Multi-omic analysis to identify risk signatures in histologically normal breast tissue to stratify screening and prevention strategies
Primary supervisor: J Louise Jones, Queen Mary University of London
Secondary supervisor: Anita Grigoriadis, King’s College London
Breast cancer is the commonest cause of cancer-related deaths among women worldwide. Women with germline (GL) BRCA1/2 mutations or previous history of breast cancer have a higher risk of developing malignancy, however, this risk varies between individuals. Our current challenge is to provide more precise risk estimates in order to stratify screening and preventive strategies. To do this, we require an in-depth understanding of physiological processes underlying tumour initiation in the normal breast tissue, to establish biomarkers which robustly identify truly high-risk individuals.
There is evidence that genomic alterations precede the morphological features of malignancy. Normal breast tissue from risk-reducing mastectomies (RRM) in women with GL BRCA1 mutations have accumulation of RANK in luminal progenitor cells and increased dual expression of oestrogen receptor and Ki67, proposed to be an early indicator of developing breast cancer [1,2]. In non-tumour tissue taken from cancer-containing breasts, we identified four distinct tissue subtypes: metabolic, immune, matrisome/EMT and non-coding enriched and found that patients in the metabolic subtype exhibited a significantly poorer prognosis . Roman-Perez also identified distinct expression subtypes in “normal” tissue adjacent to tumour, overlapping with ours, that associated with patient outcome .
The hypothesis of this study is that molecular alterations – at DNA, RNA and protein level – precede morphological alterations in the development of breast cancer. Identification of these changes would allow improved risk stratification and guide screening and prevention programmes.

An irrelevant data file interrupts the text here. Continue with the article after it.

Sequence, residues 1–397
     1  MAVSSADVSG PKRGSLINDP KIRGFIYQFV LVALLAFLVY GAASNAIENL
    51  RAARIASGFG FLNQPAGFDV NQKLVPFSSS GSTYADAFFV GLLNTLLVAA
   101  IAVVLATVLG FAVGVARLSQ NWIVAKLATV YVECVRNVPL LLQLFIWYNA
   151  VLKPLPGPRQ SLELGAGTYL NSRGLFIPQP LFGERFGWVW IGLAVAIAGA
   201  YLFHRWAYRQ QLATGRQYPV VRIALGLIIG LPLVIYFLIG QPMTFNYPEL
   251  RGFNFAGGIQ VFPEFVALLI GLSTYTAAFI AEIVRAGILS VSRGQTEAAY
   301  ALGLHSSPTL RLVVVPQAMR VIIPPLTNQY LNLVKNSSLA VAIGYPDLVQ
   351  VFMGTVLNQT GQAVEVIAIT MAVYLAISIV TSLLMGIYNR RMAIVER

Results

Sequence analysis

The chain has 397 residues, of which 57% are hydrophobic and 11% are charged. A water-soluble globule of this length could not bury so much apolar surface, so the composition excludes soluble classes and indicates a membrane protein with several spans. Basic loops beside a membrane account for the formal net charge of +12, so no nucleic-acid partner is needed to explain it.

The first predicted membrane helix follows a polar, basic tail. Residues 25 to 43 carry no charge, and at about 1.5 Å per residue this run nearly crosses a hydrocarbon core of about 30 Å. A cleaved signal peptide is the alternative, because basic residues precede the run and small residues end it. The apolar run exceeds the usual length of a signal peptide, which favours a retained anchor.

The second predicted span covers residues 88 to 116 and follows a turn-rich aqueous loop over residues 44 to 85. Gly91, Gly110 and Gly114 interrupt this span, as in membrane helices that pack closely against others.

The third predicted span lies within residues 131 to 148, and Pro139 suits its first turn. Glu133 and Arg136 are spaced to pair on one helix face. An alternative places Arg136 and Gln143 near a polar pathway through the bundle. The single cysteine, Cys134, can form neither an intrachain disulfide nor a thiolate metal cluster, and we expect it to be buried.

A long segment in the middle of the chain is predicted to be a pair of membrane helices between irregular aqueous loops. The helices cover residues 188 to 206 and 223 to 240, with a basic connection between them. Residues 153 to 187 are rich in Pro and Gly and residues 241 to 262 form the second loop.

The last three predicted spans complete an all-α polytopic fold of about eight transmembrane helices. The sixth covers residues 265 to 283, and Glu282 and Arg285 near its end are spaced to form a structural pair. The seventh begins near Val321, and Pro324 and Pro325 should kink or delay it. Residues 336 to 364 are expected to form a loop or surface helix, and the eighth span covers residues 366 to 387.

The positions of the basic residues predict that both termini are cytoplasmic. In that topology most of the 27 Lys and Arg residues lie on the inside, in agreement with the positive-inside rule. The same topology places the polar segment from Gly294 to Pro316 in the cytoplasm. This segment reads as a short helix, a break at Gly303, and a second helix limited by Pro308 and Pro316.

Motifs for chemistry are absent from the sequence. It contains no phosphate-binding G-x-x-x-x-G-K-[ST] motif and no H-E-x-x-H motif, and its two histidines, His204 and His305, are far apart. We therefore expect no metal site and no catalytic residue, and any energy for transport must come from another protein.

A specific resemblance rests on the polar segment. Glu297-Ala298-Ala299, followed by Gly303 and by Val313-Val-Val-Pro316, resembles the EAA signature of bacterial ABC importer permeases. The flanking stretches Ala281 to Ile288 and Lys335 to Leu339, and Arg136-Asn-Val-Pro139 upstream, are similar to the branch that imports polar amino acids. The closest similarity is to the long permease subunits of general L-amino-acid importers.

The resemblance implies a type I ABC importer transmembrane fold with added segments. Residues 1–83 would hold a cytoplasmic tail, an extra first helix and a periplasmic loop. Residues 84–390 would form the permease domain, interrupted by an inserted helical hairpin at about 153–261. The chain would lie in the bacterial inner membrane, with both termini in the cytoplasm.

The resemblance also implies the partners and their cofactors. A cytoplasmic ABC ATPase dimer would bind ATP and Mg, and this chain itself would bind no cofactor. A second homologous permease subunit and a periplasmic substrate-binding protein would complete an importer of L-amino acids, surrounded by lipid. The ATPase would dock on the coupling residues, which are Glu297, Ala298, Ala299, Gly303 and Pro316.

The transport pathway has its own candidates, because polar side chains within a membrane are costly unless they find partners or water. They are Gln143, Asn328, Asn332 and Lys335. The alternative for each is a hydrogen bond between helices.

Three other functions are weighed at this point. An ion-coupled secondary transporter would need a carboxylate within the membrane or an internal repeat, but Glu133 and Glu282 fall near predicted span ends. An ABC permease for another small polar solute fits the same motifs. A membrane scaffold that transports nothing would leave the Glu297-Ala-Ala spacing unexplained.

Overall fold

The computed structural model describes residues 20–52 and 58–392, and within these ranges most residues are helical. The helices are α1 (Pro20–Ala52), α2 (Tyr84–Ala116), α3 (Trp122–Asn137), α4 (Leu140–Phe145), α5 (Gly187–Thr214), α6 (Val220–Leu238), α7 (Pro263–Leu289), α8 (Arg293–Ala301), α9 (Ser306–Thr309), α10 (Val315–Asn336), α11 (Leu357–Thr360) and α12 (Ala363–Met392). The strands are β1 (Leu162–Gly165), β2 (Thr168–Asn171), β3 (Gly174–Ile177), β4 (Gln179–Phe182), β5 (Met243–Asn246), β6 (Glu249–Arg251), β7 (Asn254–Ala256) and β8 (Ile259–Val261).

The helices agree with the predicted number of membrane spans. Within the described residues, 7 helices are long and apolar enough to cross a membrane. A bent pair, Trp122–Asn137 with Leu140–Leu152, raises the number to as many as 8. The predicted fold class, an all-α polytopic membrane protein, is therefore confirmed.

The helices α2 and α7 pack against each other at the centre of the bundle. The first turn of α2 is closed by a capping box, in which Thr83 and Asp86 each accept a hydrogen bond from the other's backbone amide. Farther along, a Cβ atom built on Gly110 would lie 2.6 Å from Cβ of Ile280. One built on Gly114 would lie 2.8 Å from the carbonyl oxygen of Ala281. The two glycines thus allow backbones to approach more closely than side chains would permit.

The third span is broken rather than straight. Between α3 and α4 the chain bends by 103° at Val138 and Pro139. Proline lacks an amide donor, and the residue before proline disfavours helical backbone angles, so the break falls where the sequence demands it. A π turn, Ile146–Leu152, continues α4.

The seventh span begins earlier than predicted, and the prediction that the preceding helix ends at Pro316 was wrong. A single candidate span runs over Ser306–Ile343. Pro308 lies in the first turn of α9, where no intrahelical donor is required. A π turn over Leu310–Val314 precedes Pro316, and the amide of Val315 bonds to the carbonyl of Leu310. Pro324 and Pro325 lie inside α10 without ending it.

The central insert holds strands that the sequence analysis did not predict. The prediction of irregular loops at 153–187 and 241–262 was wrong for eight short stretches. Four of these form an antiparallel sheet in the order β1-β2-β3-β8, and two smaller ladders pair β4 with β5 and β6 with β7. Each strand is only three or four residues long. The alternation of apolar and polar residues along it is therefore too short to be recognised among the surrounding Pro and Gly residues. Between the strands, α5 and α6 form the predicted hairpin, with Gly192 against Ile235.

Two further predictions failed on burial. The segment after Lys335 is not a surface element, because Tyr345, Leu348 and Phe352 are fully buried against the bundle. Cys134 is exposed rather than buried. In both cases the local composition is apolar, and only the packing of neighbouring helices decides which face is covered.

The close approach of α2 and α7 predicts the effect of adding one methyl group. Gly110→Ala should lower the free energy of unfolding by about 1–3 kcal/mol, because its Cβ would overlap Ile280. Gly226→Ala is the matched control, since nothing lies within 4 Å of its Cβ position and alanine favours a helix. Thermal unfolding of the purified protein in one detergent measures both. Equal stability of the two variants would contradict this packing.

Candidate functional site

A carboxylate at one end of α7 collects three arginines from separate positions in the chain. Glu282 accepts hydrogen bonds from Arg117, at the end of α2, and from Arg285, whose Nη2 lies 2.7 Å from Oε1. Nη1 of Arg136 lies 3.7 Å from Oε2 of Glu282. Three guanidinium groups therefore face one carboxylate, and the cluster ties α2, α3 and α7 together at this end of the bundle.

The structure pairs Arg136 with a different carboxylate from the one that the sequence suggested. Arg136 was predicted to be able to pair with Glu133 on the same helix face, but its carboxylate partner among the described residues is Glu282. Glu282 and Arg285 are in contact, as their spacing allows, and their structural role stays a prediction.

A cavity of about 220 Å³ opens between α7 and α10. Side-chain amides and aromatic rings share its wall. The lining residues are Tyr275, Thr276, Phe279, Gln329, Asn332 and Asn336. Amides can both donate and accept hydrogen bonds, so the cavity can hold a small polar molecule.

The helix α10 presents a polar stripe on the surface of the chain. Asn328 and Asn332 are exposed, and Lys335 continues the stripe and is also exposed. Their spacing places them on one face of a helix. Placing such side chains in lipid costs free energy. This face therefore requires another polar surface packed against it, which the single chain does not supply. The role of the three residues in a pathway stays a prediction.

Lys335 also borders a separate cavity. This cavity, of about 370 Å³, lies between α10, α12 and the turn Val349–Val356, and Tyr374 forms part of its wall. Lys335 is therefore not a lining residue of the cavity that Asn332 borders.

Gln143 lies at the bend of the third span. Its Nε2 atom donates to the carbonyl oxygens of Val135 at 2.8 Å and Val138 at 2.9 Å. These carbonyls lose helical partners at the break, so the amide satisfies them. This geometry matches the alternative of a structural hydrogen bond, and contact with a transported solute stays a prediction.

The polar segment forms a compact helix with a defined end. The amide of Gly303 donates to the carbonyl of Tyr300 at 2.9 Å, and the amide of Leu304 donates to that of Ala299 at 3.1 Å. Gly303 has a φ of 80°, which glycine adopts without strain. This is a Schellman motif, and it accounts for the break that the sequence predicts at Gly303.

To address this, we will analyse the genomic, transcriptomic and proteomic profile of histologically normal breast tissue from well-defined patient cohorts across a spectrum of breast cancer risk. We have unique access to tissues and cells through the Breast Cancer Now Tissue Bank (BCNTB):
- Cosmetic reduction mammoplasty tissue with no known GL mutation (low-risk; n=50)
- RRM tissue from patients with known GL BRCA1/2 mutation (mod-high risk; n=80)
- Tissue adjacent to or distant from (including contralateral) breast cancer in patients with or without BRCA1/2 mutation (high-risk; n=100)
For some of these cases, including BRCA1/2 samples, we already have collected digitized images and using deep learning (DL)- methods, can capture epithelial, stroma and adipocytes which show alterations in normal tissue of these women.
We will build on this to:
- Carry out shallow whole genome sequencing for copy number alterations, RNAseq and phospho-proteomics;
- Perform an integrated analysis of omic data using an adapted pipeline from Sivapalan et al.  and Gadelata et al.  to define signatures of low- and high-risk;
- Validate these signatures in independent samples using a combination of spatial transcriptomics, proteomics and targeted NGS;
- In vitro validation of functional significance of novel hits using primary isolated cell populations (available through BCNTB), using knock-down and over-expression approaches.
This project provides a rare and exciting opportunity to gain experience at the interface of pathology, computational science, big data and functional studies in breast cancer.
A background in molecular biology and some experience of bioinformatics are desirable but not essential.
Potential Research Placements
- Pedro Cutillis, Barts Cancer Institute, Queen Mary University of London
- Iain Goulding, Breast Cancer Now Primary Cell Bank
- Anita Grigoriadis, Spatial Transcriptomic Facility, King’s College London